- As a self-administered forced-choice validity indicator, the VIP test provides more information than a yes/no decision regarding malingering. The test helps assess the relationship between the individual’s intention and the effort in completing the test. Based on this information, the report categorizes the individual’s style as Compliant, Inconsistent, Irrelevant or Suppressed.
- A graph of results helps make it easy to explain the results in hearing or court proceedings.
- When used as part of a battery of tests, it complements most personality assessments.
- When used as a screening tool, the VIP test can help indicate who may not benefit from further, more extensive neuropsychological testing.
The VIP test uses six primary validity indicators to classify an individual’s performance as either valid or invalid.
The test also categorizes the individual’s response style as:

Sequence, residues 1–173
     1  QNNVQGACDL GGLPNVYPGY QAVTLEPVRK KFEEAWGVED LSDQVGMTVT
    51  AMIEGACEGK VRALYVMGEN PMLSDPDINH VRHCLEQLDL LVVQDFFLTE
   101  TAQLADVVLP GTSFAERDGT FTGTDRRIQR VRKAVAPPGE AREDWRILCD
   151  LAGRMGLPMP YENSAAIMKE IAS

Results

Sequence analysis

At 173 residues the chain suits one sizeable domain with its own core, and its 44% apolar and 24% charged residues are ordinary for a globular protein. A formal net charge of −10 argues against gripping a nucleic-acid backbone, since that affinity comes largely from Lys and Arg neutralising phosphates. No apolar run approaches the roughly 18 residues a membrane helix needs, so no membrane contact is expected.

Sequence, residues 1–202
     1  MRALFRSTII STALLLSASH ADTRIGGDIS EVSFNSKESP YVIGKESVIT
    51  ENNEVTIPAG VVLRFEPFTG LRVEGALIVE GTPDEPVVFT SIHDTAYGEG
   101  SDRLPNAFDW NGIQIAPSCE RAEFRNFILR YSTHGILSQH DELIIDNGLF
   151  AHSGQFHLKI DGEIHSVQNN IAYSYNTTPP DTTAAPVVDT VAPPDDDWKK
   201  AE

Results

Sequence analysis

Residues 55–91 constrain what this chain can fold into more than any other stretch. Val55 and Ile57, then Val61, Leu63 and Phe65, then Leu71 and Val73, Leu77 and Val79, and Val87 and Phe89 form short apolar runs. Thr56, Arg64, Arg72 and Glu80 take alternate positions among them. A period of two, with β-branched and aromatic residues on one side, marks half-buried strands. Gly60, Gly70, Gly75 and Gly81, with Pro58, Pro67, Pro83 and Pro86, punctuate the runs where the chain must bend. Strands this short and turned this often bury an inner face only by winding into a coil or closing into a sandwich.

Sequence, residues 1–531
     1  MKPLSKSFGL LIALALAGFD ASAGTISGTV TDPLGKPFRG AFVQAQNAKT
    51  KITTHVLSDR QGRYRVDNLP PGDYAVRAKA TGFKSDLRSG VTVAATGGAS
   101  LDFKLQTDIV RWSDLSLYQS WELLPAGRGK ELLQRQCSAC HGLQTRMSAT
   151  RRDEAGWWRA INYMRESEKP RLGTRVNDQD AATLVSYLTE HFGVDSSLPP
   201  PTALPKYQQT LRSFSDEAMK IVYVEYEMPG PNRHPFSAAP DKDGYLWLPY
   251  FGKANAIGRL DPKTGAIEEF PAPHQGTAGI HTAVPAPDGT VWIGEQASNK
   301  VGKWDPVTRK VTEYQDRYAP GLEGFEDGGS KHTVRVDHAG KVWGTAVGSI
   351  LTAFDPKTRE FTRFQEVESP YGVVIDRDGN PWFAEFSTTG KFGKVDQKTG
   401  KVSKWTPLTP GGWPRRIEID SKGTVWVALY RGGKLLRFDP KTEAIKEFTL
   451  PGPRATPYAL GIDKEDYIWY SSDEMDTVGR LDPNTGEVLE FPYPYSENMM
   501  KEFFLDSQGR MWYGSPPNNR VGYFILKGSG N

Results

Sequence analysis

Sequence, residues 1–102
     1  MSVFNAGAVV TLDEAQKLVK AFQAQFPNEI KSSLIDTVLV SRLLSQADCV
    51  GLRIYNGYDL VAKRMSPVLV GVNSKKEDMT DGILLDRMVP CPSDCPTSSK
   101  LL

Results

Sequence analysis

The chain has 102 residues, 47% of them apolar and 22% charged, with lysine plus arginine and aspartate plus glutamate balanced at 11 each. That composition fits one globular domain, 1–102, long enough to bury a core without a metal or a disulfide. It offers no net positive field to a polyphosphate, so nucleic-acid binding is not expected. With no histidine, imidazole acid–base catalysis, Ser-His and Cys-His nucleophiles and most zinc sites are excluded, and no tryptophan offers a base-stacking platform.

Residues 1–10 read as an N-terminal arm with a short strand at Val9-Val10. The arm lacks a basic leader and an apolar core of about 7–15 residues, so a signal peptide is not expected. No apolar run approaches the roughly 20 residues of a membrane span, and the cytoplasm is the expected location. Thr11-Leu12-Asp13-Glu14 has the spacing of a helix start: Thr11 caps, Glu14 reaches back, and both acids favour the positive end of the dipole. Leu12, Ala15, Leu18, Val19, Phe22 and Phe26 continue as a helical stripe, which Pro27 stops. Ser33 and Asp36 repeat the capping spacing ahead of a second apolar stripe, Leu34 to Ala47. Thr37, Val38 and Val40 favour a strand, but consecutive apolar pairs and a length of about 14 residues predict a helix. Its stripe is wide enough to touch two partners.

Suggests an individual’s intent to perform well, along with the probability that his or her performance is an accurate representation of ability
Suggests that the respondent is motivated to perform well but the effort is inconsistent or minimal
Suggests that the individual intended to perform poorly and that he or she was most likely responding without regard to item content
Suggests high effort to perform poorly and that the individual tried to feign cognitive defects
Scoring rules for the VIP test were developed using a sample of more than 1,000 clinical and nonclinical subjects. Results were then cross-validated using an independent sample of 312 cases comprised of 5 criterion groups:
- Traumatic brain injured patients
- Suspected malingerers